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New hens all have diahrrea

post #1 of 6
Thread Starter 

I purchased 8 new hens from my local feed store recently., that were approximately 5 months old.  They were added to my existing flock after a coyote attack killed 8 of my girls. The new girls are just starting to lay.

 

Unfortunately, they ALL have runny, smelly diarrhea. They seem to be healthy otherwise but, I cannot get rid of the diarrhea. I first thought that after they were allowed to free range and eat better food, the diarrhea would clear up but, after two weeks and worming with Wazine,  it is a no go. Still runny poo. 

 

Any suggestions on what I can give these girls to settle their stomachs?  Thank you! 

post #2 of 6
Try fermenting their feed.
post #3 of 6
Thread Starter 

Thank you for your reply. How do I ferment their feed? 

post #4 of 6
Stick it in a bucket with some water.

If you're using rainwater, that alone will be sufficient. If you're using tapwater, add a little acid to it. Unpasteurised apple cider vinegar is given as the best option, because it contains the sort of microorganisms you're trying to encourage in the feed. Plain vinegar will do, to acidify the water slightly and make it a worse environment for undesirable bacteria and yeast.

If you can't get a good ferment going after about a week, or you really don't like the smell, a soak of overnight to 24 hours will break down pellets or crumbles and make them more digestible. I don't feed fermented whole grains, so I couldn't tell you how long they need to soak in fresh water.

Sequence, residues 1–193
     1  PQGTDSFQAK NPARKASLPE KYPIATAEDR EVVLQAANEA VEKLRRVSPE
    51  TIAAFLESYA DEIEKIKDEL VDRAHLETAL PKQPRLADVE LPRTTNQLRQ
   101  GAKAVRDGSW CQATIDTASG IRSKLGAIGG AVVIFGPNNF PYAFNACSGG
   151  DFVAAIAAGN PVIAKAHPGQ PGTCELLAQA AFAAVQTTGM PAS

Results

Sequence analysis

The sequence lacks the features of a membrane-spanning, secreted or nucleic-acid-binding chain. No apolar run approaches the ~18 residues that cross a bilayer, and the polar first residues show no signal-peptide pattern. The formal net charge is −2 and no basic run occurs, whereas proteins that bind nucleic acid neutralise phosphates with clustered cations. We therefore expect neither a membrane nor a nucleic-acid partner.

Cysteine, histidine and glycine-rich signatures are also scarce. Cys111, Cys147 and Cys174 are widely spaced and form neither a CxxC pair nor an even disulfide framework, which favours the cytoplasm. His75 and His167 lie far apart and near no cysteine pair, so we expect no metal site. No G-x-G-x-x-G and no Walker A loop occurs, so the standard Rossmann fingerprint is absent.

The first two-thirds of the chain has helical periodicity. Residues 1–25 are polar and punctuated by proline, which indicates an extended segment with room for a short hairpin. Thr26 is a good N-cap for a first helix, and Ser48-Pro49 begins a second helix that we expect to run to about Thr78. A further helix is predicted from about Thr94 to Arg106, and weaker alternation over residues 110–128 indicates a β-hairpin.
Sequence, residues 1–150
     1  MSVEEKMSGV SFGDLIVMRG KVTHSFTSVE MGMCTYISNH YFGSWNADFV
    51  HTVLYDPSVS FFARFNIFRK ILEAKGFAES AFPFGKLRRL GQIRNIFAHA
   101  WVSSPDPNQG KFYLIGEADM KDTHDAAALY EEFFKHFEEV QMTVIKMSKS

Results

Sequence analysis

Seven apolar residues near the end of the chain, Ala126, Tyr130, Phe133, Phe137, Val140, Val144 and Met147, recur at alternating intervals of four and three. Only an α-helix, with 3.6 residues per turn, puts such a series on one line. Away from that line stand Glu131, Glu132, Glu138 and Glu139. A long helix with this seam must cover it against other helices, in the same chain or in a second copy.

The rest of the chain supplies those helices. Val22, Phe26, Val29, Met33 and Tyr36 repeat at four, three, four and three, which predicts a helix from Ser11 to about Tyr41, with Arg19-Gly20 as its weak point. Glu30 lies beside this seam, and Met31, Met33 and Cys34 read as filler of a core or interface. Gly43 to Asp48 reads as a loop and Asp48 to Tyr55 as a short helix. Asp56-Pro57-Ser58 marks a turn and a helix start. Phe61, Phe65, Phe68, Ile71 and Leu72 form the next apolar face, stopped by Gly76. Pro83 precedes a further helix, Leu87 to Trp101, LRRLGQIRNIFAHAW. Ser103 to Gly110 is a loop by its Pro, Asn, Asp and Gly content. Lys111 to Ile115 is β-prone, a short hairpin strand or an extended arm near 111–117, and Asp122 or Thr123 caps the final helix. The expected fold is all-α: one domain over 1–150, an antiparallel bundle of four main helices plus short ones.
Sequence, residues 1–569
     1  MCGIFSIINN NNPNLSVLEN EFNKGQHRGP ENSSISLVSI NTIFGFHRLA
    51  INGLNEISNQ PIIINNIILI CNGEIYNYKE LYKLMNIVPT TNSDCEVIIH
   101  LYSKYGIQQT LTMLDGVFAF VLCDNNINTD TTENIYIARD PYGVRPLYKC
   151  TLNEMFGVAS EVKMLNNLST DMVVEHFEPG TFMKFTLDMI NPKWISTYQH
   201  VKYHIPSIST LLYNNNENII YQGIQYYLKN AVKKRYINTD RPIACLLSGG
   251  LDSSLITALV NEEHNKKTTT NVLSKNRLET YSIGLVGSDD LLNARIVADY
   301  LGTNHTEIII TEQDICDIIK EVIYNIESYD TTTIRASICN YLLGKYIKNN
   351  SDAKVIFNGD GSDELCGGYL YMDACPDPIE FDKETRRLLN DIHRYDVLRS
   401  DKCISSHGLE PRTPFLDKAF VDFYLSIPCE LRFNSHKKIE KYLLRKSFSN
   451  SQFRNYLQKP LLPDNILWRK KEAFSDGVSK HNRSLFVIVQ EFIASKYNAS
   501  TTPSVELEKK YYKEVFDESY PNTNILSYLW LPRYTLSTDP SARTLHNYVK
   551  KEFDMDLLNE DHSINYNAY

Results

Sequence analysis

post #5 of 6
There is a lengthy post on fermenting in the feed section but basically it's cover some feed with water, stir it if you feel like it. Let it sit for 3-4 days and you're in business. You can start feeding it day one but it isn't as developed as it would be waiting. Just add feed and water to keep it going.
post #6 of 6
You may want to use probiotics or plain yogurt in their feed a couple of days a week to promote good gut health. Also, chickens new to your soil might benefit from a round of Corid low dose treatment, to help them build up resistance to coccidia in your soil. There are 9 or more strains that affect chickens, and they might not be tolerant of the strain in your soil. All chickens will have the occasional cecal poop, which is runny and shiny, or foamy, and if they are drinking lots of water during warm weather, the droppings can be watery. You can always take in a collection of fresh morning droppings to have your regular vet do a fecal float test for worms and coccidia. Wazine gets round worms, but there are other worms that affect chickens. Valbazen or SafeGuard are good for other worms, depending on what you are treating. It is good that your chickens are active and doing well. Fermented feed will have probiotics, but after feeding it for 7 months once, I went back to feeding dry food with added probiotics, since it was much easier oversll. I did not notice any difference in my chickens health.
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